|Practice Direction 6B – Service out of the jurisdiction|
|Practice Direction 7A – Notifying P|
|Practice Direction 8A – Permission|
|Practice Direction 9A – The application form|
|Practice Direction 9B – Notification of other persons that an application form has been issued|
|Practice Direction 9C – Responding to an application|
|Practice Direction 9D – Applications by currently appointed deputies, attorneys and donees in relation to P’s property and affairs|
|Practice Direction 9E – Applications relating to statutory wills, codicils, settlements and other dealings with P’s property|
|Practice Direction 9F – Applications to appoint or discharge a trustee|
|Practice Direction 9G – Applications relating to the registration of enduring powers of attorney|
|Practice Direction 10A – Applications within proceedings|
|Practice Direction 10B – Urgent and interim applications|
|Practice Direction 11A – Deprivation of liberty applications|
|Practice Direction 12A – Human Rights Act 1998|
|Practice Direction 13A – Procedure for disputing the court’s jurisdiction|
|Practice Direction 14A – Written evidence|
|Practice Direction 14B – Depositions|
|Practice Direction 14C – Fees for examiners of the court|
|Practice Direction 14D – Witness summons|
|Practice Direction 14E – Section 49 reports|
|Practice Direction 15A – Expert evidence|
|Practice Direction 17A – Litigation friend|
|Practice Direction 17B – Rule 1.2 representatives|
|Practice Direction 18A – Change of solicitor|
|Practice Direction 19A – Costs|
|Practice Direction 19B – Fixed costs in the Court of Protection|
|Practice Direction 20A – Appeals|
|Practice Direction 20B – Allocation of appeals|
|Practice Direction 21A – Contempt of court|
|Practice Direction 22A – Civil restraint orders|
|Practice Direction 23A – International protection of adults|
|Practice Direction 24A – Request for directions where notice of objection prevents Public Guardian from registering enduring power of attorney|
|Practice Direction 24B – Where P ceases to lack capacity or dies|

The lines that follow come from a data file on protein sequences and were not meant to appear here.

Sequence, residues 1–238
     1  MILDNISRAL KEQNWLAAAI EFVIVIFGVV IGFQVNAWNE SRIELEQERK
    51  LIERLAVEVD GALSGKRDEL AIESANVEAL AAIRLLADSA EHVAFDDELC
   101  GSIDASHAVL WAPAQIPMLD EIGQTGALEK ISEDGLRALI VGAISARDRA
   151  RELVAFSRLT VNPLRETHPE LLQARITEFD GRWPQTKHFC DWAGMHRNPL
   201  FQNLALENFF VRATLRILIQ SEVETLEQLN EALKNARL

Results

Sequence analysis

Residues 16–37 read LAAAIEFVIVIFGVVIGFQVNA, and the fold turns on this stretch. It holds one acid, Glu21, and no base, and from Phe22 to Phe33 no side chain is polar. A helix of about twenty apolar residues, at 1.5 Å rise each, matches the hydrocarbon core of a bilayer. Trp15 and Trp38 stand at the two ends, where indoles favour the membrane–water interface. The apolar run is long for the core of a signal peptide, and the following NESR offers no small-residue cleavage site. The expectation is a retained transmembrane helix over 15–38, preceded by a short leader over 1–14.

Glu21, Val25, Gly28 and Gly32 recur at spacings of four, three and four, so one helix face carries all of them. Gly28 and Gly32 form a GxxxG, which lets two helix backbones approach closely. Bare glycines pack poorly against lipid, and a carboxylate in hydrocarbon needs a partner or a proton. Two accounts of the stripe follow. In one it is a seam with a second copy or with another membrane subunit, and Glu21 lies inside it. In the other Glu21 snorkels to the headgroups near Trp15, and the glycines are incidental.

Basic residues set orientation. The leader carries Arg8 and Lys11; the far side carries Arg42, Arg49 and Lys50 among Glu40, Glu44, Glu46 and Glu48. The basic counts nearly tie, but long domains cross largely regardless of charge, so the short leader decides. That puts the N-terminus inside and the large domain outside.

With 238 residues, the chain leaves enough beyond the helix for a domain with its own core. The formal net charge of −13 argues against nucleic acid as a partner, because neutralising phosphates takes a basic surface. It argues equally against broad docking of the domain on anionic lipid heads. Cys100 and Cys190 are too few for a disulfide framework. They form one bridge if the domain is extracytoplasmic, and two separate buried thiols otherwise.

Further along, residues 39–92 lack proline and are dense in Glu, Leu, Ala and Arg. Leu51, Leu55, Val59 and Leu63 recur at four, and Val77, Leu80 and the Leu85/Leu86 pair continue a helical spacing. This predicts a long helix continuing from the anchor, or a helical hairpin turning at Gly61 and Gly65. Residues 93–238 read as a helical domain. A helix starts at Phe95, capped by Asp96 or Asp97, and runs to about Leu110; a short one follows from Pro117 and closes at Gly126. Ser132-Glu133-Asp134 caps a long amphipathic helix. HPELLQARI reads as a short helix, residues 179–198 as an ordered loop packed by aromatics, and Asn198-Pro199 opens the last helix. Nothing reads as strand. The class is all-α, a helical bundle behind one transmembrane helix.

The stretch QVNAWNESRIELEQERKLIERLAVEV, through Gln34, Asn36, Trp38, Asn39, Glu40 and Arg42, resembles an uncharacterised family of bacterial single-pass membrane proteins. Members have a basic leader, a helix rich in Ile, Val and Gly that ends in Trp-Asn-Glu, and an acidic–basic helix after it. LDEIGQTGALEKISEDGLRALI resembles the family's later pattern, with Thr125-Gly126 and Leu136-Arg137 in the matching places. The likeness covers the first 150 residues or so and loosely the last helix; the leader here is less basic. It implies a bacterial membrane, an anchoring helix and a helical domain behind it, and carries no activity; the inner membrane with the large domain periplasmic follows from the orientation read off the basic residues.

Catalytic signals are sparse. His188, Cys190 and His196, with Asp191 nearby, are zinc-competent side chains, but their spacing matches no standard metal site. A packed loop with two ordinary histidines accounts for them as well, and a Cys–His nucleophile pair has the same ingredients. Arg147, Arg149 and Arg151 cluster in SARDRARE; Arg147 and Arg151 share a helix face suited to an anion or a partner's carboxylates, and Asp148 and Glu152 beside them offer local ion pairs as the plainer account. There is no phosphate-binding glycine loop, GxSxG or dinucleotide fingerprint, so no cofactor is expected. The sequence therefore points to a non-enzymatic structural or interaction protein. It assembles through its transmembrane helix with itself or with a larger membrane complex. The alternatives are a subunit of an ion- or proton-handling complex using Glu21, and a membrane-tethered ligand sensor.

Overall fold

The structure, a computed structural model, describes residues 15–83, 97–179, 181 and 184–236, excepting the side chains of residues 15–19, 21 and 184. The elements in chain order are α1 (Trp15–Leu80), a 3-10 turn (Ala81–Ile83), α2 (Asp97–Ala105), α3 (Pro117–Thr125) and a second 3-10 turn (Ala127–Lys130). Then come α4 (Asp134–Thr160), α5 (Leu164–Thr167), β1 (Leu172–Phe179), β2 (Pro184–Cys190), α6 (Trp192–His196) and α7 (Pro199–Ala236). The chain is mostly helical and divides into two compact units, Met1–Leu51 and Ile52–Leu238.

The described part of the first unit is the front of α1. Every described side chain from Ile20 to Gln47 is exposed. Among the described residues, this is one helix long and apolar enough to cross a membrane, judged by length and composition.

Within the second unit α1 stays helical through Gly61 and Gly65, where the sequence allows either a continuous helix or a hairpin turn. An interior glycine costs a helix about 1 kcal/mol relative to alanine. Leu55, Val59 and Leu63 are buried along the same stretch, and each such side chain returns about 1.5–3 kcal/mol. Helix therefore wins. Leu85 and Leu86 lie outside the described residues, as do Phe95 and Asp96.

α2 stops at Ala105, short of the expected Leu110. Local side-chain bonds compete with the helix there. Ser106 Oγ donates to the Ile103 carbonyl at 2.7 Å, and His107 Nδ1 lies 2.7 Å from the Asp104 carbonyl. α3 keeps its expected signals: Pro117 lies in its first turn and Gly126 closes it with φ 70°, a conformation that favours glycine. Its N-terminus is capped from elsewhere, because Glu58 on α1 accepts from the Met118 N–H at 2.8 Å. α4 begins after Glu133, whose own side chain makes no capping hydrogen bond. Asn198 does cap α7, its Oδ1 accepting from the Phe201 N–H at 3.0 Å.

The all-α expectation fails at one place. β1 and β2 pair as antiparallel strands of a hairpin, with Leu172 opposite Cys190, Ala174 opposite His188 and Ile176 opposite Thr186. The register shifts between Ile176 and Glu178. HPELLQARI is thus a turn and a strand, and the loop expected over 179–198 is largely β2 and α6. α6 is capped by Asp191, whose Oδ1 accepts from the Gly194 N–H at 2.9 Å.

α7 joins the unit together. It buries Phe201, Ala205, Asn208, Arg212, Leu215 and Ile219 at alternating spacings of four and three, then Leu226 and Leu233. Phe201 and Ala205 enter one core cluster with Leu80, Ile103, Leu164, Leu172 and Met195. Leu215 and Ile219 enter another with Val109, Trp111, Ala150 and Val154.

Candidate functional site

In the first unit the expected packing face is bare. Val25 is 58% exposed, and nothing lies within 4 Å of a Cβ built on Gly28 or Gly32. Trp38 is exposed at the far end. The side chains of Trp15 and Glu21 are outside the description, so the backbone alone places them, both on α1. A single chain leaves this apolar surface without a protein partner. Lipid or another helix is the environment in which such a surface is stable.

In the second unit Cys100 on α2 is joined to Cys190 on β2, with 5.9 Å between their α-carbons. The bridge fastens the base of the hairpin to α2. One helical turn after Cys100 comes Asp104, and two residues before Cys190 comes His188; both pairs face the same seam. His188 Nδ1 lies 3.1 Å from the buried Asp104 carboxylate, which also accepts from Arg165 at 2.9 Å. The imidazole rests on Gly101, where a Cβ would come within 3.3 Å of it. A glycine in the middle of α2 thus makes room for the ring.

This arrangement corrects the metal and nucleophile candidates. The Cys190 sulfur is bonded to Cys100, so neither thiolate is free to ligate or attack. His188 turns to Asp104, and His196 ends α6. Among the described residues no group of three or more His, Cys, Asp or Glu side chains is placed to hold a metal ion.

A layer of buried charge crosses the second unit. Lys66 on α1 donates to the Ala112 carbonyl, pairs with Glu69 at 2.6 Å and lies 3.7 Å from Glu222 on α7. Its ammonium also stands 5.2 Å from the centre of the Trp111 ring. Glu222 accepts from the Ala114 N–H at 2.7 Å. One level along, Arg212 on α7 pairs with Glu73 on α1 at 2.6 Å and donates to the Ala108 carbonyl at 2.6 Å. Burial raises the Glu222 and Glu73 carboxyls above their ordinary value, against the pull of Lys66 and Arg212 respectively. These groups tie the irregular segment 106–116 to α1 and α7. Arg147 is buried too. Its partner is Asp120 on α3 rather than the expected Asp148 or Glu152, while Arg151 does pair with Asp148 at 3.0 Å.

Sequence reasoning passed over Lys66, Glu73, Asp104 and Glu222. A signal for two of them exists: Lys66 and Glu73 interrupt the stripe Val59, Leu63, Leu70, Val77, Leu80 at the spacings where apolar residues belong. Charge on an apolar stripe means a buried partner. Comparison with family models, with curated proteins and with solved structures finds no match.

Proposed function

|Practice Direction 24C – Transitional provisions|
The Court of Protection Rules 2017 have been laid before Parliament, to come into force on 1 December. These recast all of the Rules into the same format as the Civil Procedure and Family Procedure Rules. The new-look Court of Protection Rules will also incorporate those rules relating to case management which have, since September 2016, been implemented by way of the Case Management Pilot. Accompanying – renumbered – Practice Directions (not yet published) will also cement into the practice of the Court the Transparency Pilot and the Section 49 Report Pilot.
LAG will shortly be publishing a revised second edition of the CoP Handbook and supplement with the new Rules and an introductory text outlining key changes since the publication of the second edition.
The next Court of Protection Court User Meeting (open to the public) is to be held on Wednesday 11 October at 14:00 in Court 23, 5th Floor, First Avenue House in London.
Please speak to a member of staff at the front desk if you would like to attend or email firstname.lastname@example.org ensuring you put ‘Court User Group’ in the subject field.
As the law relating to welfare issues increasingly diverges in Wales (see, for instance, the different approaches to safeguarding taken in the Care Act 2014 in England vs the Social Services and Well-Being Wales Act 2014), the lack of a dedicated textbook relating to Welsh law has become an increasingly burning issue. Thankfully, Luke Clements (of Community Care and the Law fame), together with Ann Davey, has now very substantially plugged this hole with the website Rhydian: Social Welfare Law in Wales. This will act as both a news platform and an online journal, and is a hugely welcome new resource.
In a step which will gladden the heart of all those who have had to include “This order takes effect notwithstanding the fact that it is not yet sealed” in their orders from the Court of Protection, the Court of Protection will, from 21 July, be endorsing all non-financial orders with an electronic seal. For more details, see the letter from HMCTS here.